Our History



The American Band, founded in 1837, is one of America’s oldest civilian concert bands. It was originally organized as an all-brass band under its first leader, Joseph Green, and soon became known as one of New England’s finest brass bands, performing a variety of engagements ranging from concerts to balls to military musters. In April of 1861 the Band, whose members served as stretcher-bearers for the wounded, saw action at the battle of Bull Run. Its only casualty was the loss of its bass drum during the Union retreat.


Reeves’ American Band

In 1866, David Wallis Reeves, a renowned cornetist with the famous Dodwarth Band of New York, was hired to lead the Band. Reeves added woodwinds to the formerly all-brass group, and the ensemble became known as “Reeves’ American Band”.

It was as a composer that Reeves won the most fame during his years in Providence. He wrote over 100 marches alone, developing an American March Style that was to form the foundation for such future march greats as John Philip Sousa, Henry Fillmore and others. Under Reeves’ direction, The American Band became even more popular and soon, as the result of several national tours, became known as one of the finest in the nation.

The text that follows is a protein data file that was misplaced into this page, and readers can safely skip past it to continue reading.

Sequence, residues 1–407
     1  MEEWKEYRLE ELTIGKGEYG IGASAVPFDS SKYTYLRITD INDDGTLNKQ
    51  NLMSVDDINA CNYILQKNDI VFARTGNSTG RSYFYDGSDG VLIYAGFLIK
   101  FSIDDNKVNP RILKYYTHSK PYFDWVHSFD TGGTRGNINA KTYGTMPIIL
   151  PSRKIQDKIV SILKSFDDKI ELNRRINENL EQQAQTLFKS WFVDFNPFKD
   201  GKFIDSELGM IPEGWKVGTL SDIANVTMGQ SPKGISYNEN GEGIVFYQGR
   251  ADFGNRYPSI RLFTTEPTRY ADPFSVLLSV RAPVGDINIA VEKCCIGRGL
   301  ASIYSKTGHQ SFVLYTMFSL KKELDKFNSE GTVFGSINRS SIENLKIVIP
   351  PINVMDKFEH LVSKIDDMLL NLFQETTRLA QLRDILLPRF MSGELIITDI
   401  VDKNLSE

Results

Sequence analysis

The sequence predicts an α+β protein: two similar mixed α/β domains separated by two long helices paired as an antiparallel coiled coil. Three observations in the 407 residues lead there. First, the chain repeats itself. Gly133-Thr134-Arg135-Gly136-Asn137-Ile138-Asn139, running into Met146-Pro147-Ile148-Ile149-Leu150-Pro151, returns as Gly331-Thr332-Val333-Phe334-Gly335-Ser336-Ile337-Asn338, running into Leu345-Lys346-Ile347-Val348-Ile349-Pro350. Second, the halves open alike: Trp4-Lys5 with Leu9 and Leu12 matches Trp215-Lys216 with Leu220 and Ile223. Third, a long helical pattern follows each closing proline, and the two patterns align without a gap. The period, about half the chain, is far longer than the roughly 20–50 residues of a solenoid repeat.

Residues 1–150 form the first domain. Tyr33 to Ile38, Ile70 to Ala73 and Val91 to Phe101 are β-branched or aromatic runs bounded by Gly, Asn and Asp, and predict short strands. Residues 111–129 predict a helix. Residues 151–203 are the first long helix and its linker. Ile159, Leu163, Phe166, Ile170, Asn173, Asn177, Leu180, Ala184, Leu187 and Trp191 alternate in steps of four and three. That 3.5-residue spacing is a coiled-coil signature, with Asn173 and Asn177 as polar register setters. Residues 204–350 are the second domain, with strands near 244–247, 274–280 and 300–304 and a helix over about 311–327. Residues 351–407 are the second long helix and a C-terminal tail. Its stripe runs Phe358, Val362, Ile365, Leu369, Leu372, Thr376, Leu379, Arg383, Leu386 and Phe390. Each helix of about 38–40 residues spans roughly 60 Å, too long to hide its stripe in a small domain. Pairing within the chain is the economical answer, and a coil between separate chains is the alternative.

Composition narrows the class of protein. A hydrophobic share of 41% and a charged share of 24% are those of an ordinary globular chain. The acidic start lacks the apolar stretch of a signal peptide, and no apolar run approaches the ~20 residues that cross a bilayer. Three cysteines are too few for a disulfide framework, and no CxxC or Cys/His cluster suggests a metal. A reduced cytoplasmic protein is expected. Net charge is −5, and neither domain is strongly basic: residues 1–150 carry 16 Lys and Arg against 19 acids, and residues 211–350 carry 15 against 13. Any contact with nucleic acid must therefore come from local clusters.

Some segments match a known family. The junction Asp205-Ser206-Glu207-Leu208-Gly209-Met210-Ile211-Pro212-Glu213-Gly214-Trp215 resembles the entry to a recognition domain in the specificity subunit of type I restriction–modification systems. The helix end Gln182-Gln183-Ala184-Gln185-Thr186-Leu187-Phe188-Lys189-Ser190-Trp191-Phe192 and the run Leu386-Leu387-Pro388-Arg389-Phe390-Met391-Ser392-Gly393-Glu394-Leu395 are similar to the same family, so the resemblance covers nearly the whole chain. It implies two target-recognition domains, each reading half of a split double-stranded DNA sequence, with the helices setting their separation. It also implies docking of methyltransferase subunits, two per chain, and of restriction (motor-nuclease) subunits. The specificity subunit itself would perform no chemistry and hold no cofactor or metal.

After Reeves’ death in 1900, the Band was led by such notable musicians as Bowen R. Church, Herbert L. Clarke, Edward Fay, Warren Fales, Joseph Lemaire, Frank Wollenberg and Alfred Archambault.



In 1978 the Band underwent a complete reorganization under a new music director, Dr. Francis M. Marciniak, Director of Bands at Rhode Island College. Since 1978 the Band has been performing between 15 to 20 concerts each year around Rhode Island and southern New England, continuing the proud tradition begun in 1837.

Since the death of Dr. Marciniak in May of 1996 the band was under the baton of Dr. Gene Pollart of the University of Rhode Island until his retirement in April of 2013. Currently the Band is under the leadership of Dr. Brian Cardany of the University of Rhode Island.